Air navigation equipment checks in Australian regional centres

Airservices Flight Inspection Service will visit regional and remote areas in April to confirm critical air navigation equipment is working correctly as part of an ongoing national maintenance and calibration program.
FIS InteriorThe equipment being tested includes instrument landing systems (ILS), distance measuring equipment (DME), non-directional beacons (NDB), VHF Omni Range (VOR) navigation aids and Sydney airports world-leading ground-based augmentation system (GBAS). Together, these aids provide positional and navigational information to aircraft and assist pilots in landing safely. Maintaining the equipment is critical for the safe operation of aircraft in all weather conditions, particularly into many regional and remote communities for which air traffic is a lifeline. The inspections will be performed by twin-engine Beechcraft King Air aircraft, the airframe and avionics of which are integrated with technically complex computer equipment. Specialist air crew operate the aircraft and equipment to collect precision data while airborne. The data is then assessed and analysed by Airservices maintenance and engineering staff to ensure that each navigation aid is operating accurately.
VH-fixThe flights are necessary to check that the more than 500 navigational aids installed and maintained by Airservices are functioning accurately for safe aircraft operations in and around regional and major airports, aerodromes and airstrips. The Brisbane-based service will use a highly-modified aircraft to undertake 58 separate routine or special flight inspections on equipment at the following locations during April alone:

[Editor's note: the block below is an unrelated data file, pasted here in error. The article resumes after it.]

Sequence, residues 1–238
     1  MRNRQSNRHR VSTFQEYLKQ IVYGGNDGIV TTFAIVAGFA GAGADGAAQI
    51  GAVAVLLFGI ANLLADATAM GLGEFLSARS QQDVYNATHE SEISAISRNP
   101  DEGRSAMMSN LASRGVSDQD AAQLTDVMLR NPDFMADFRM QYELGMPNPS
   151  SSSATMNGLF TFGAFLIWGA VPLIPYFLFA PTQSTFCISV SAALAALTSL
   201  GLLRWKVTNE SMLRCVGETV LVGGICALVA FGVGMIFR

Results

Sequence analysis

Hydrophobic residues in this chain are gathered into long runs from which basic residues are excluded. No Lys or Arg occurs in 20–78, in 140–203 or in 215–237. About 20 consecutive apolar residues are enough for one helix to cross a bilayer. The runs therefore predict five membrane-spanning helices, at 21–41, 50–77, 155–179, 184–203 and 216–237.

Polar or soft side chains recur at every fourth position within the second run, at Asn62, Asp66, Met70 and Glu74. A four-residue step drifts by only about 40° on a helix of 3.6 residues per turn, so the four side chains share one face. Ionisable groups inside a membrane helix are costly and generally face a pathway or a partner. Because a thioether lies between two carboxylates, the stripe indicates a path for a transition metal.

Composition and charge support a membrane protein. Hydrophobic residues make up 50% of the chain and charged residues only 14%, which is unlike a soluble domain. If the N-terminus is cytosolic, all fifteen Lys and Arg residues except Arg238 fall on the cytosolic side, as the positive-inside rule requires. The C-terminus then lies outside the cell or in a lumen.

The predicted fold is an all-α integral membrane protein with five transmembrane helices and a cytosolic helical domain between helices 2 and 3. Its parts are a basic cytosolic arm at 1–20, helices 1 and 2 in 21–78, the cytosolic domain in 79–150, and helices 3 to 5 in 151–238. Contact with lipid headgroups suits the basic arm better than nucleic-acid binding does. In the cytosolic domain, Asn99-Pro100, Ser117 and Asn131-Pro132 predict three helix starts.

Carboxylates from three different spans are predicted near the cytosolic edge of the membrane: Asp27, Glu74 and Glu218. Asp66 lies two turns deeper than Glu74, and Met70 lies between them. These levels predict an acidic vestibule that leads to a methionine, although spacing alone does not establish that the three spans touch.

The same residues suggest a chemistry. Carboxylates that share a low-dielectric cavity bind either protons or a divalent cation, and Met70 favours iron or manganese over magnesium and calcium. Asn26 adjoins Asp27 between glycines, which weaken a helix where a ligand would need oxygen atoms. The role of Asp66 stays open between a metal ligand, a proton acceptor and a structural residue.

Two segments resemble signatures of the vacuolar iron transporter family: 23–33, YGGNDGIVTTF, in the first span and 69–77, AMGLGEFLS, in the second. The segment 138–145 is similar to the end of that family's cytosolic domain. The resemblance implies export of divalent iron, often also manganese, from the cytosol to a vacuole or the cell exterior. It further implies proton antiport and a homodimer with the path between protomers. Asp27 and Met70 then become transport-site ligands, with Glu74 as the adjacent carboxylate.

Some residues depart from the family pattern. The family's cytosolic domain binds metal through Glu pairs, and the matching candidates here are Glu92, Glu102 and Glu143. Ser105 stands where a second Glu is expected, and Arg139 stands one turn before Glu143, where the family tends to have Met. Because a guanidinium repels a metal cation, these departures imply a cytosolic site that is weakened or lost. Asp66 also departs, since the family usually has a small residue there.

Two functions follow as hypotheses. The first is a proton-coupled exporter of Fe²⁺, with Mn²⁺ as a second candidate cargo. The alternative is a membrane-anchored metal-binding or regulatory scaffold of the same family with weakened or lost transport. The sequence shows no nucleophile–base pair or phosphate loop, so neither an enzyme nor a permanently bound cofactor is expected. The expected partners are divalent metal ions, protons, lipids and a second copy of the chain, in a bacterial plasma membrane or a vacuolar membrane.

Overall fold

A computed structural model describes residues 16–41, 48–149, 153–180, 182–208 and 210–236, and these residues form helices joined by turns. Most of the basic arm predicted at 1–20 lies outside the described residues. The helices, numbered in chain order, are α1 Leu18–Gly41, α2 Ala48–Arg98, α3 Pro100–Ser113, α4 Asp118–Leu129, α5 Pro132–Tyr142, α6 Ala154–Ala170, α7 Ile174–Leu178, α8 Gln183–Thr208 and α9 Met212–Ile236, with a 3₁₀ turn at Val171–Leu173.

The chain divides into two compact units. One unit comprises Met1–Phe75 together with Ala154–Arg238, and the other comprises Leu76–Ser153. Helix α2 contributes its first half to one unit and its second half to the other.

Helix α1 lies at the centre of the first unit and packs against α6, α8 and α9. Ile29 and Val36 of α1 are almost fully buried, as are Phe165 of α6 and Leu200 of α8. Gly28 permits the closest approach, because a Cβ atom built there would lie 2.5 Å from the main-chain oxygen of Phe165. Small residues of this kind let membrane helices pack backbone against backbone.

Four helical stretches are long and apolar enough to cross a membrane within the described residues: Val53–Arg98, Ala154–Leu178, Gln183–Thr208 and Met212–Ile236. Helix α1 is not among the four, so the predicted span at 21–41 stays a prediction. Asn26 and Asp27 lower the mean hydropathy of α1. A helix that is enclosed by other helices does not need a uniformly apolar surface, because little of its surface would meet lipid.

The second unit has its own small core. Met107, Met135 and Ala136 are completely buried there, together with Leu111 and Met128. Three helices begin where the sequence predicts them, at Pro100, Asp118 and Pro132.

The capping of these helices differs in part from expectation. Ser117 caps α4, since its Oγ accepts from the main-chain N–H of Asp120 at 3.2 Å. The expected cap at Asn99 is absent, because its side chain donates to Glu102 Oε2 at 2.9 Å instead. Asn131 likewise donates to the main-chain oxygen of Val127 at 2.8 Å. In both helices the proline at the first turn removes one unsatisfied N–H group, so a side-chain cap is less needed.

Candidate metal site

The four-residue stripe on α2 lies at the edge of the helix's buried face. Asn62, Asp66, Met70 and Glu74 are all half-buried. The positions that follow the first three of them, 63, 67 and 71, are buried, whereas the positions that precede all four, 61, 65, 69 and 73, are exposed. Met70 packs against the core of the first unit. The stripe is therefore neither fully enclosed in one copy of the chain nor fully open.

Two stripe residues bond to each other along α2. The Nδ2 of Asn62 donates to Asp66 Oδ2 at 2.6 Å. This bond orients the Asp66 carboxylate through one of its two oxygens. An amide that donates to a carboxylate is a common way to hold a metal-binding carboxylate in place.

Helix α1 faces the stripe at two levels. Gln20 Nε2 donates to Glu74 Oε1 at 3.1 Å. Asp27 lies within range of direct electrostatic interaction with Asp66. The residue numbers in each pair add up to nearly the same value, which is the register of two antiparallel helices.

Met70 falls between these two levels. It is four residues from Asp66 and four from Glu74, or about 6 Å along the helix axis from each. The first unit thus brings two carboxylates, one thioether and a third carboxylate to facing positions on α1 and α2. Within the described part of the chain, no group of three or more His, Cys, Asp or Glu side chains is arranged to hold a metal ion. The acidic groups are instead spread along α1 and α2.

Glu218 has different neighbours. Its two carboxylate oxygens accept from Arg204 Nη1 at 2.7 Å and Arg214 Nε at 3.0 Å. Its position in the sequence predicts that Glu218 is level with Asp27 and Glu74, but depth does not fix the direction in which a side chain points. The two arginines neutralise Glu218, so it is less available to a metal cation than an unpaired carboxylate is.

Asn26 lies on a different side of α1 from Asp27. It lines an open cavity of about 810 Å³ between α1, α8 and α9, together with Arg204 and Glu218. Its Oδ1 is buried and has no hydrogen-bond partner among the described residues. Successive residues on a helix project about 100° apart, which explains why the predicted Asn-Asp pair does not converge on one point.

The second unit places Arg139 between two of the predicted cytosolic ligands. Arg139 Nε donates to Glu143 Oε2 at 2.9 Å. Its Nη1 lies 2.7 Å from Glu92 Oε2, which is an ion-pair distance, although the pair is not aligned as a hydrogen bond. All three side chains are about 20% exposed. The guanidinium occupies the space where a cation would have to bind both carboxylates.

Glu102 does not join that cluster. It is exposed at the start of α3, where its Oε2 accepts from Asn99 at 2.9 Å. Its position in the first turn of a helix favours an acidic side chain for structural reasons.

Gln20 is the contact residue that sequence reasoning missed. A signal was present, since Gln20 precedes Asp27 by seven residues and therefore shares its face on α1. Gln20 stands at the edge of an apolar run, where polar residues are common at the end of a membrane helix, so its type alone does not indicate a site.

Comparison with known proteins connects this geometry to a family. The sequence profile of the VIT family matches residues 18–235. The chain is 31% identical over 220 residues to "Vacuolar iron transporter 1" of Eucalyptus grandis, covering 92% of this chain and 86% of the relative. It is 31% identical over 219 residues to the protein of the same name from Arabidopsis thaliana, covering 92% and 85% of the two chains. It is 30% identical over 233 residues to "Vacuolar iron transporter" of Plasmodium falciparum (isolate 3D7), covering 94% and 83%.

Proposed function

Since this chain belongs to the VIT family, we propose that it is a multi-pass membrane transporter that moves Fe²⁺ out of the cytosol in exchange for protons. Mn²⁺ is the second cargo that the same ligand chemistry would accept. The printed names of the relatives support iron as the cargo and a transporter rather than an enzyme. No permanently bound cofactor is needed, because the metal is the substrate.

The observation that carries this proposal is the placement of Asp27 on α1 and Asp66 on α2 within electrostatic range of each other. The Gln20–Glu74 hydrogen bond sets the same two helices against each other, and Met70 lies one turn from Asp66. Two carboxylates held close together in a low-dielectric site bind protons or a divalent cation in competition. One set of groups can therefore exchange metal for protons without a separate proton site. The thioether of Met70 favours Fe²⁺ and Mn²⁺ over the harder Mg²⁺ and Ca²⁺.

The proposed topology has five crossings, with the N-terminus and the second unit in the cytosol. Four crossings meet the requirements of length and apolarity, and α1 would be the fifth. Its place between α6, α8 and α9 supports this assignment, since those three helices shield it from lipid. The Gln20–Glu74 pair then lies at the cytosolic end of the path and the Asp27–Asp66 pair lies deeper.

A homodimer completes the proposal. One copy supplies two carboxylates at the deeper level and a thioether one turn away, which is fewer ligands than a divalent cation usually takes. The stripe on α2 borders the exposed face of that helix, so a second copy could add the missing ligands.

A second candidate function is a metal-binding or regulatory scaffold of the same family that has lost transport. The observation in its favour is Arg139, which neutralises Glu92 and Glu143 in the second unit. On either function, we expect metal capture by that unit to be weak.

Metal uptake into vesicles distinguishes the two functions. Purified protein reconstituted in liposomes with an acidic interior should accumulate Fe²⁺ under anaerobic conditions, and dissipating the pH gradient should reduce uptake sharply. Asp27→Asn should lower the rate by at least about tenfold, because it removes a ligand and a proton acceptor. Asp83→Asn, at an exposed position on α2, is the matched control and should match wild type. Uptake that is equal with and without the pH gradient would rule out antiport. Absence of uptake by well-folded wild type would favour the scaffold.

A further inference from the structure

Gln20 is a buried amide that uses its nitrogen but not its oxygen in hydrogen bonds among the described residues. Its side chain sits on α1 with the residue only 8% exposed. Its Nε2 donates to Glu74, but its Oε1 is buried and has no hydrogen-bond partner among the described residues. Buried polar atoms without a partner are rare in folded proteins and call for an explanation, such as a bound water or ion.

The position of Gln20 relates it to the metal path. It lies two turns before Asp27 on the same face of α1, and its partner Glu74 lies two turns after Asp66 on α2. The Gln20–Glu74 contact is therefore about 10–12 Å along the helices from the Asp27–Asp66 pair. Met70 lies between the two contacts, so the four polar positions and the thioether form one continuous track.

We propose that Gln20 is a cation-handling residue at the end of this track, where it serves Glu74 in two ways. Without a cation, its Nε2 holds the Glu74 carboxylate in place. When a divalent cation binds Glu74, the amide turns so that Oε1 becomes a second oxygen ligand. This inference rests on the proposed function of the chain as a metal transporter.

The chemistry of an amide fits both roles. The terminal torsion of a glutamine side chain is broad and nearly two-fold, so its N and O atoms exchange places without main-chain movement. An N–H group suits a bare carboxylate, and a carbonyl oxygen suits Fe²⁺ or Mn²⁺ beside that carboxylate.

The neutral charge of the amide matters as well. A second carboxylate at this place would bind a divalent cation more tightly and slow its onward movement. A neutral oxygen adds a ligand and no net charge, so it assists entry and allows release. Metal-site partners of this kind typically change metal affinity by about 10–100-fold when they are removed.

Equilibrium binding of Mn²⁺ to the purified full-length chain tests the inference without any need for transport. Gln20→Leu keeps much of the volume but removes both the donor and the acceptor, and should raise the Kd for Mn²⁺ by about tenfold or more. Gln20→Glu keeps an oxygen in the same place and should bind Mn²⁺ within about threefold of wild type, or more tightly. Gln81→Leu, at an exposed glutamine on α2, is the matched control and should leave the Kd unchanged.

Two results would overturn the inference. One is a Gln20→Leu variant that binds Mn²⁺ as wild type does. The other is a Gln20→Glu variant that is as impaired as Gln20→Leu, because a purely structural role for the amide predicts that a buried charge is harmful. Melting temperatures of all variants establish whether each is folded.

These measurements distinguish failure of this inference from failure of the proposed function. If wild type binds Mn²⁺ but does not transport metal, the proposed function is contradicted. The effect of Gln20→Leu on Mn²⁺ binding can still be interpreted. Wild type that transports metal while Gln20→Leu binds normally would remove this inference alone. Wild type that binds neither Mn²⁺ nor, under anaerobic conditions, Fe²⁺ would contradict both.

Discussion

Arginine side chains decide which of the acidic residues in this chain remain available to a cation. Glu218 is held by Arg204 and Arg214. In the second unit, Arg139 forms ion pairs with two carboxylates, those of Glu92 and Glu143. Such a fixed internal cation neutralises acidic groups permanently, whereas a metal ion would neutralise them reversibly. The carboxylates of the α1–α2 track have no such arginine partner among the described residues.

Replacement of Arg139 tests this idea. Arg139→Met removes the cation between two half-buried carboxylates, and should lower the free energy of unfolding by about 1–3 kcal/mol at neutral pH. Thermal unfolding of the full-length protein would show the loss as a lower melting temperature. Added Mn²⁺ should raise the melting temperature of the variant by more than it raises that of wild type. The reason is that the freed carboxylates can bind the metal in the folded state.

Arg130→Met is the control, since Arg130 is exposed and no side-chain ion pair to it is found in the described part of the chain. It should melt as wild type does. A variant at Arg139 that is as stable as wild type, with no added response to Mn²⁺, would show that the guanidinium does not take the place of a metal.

• QLD Boulia
  • NT Bagot, Darwin, Howard Springs, Tennant Creek, Tindal, Victoria River Downs
  • WA Christmas Island, Curtin, Derby, Fitzroy Crossing
  • NSW Bathurst, Church Creek, Coffs Harbour, Lord Howe Island, Nowra, Nyngan , Parkes,
  • Sydney, Williamtown
  • ACT Canberra
  • TAS Tasmanian Wide Area Multilateration (WAM) system
  • The equipment being tested includes instrument landing systems (ILS), distance measuring equipment (DME), non-directional beacons (NDB), VHF Omni Range (VOR) navigation aids and Sydney airports world-leading ground-based augmentation system (GBAS). Together, these aids provide positional and navigational information to aircraft and assist pilots in landing safely. Maintaining the equipment is critical for the safe operation of aircraft in all weather conditions, particularly into many regional and remote communities for which air traffic is a lifeline. The inspections will be performed by twin-engine Beechcraft King Air aircraft, the airframe and avionics of which are integrated with technically complex computer equipment. Specialist air crew operate the aircraft and equipment to collect precision data while airborne. The data is then assessed and analysed by Airservices maintenance and engineering staff to ensure that each navigation aid is operating accurately.
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